1 July 2016

Much like cars, aircraft come in all shapes, sizes and models, with a varying degree of mod-cons. Read our blog to get to know your 747s from the 777s, along with some fun plane facts!

 

The different types of aircraft The different types of aircraft

 

 

Long Haul Aircraft

 

The Airbus A380 The Airbus A380

 

 

 

A340   

  • The A340 is a long-range, wide-body aircraft primarily used by Lufthansa, Virgin Atlantic, Emirates, South African Airways and SWISS.
  • The A340 is no longer in production as it has been superseded by the Airbus A350.

Dreamliner 787  

  • The 787 senses turbulence and can automatically adjust its wingcontrol surfaces for a smoother ride.
  • Lower cabin pressurisation results in higher humidity to help reduce the effects of jetlag.
  • The 19-inch windows are 65 percent larger than standard aircraft and can be dimmed by cabin crew during takeoff and landing.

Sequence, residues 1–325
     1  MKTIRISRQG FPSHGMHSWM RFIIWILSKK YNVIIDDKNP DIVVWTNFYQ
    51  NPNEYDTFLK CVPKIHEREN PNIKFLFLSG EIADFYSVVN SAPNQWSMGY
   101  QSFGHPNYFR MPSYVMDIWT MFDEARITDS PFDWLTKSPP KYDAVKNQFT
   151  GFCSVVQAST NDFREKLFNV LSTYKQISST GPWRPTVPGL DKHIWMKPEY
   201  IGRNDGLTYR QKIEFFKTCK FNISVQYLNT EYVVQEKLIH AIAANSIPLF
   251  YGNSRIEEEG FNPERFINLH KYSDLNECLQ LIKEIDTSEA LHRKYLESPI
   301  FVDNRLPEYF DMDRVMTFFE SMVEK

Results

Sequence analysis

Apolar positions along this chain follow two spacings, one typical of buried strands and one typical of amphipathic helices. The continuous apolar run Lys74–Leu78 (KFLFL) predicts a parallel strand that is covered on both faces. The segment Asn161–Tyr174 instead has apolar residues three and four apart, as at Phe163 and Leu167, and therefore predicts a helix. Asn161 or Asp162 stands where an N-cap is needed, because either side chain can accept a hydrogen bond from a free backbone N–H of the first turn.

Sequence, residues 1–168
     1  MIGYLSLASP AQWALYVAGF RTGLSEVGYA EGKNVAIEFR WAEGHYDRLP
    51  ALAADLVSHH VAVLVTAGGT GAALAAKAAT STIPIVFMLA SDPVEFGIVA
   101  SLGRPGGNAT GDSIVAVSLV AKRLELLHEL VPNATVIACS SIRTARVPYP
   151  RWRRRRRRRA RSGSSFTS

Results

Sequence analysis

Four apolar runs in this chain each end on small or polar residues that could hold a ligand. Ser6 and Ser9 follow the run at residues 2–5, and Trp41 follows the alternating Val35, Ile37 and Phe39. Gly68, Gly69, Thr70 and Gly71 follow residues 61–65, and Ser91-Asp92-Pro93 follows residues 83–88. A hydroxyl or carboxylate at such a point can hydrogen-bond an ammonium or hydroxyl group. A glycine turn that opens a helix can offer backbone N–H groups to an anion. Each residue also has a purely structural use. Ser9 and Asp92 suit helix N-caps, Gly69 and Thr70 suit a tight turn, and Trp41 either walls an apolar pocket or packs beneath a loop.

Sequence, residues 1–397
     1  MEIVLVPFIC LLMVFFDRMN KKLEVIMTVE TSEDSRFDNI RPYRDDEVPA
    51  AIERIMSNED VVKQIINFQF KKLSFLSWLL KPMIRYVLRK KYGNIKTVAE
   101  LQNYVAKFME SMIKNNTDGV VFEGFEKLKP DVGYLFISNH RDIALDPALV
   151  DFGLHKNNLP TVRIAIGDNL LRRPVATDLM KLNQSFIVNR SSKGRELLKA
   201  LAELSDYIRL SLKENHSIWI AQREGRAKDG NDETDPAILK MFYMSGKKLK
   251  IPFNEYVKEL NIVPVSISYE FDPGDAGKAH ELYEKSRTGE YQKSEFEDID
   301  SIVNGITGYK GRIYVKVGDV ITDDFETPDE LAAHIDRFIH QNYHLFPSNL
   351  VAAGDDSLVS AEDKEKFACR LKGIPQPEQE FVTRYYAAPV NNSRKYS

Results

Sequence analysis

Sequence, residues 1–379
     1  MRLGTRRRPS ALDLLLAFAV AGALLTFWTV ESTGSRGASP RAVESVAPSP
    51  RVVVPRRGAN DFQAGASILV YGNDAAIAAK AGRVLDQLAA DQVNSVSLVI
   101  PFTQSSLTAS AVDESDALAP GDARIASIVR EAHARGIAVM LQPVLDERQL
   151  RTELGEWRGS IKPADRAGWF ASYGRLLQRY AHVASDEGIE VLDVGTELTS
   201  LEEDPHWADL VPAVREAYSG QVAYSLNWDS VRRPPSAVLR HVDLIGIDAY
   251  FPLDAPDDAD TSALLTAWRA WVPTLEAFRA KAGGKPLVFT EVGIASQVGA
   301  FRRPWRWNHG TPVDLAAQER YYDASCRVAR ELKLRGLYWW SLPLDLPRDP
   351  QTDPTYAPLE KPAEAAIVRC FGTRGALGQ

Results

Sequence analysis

• Originally, the 787 was to be called the 7E7 (the ‘E’ stood for efficiency), but Boeing chose to stick with tradition.
  • An empty 787 weighs almost 117,617 kilograms – or 29 elephants!

A350  

  • At over 16 metres high, the A350 is almost the height of a five-storey building!
  • As of 2014, 39 different airlines have purchased a total of 812 Airbus A350 XWBs.
  • More than 16 million colour combinations and moods can be created by the full-LED lighting system!
  • HD video is available for all passengers, including in economy.
  • An Air Management System changes the air every two to three minutes, ensuring a draft-free environment and consistent temperature.

Boeing 747  

  • 5 billion people – almost half of the planet’s population have flown on a 747!
  • The upper deck of a 747 has the same square metreage as a 737.
  • The Wright brothers could have fit their historic first flight entirely within the 45-metre economy section of a 747!
  • Complete with two cabin aisles, the 747 was the first wide body aircraft ever produced.
  • Since 1969, 1,494 Boeing 747 have been built, with the main users being Qantas, British Airways and United Airlines.


Boeing 777  

  • Typically referred to as the ‘Triple Seven’, it is the world’s largest twin jet aeroplane.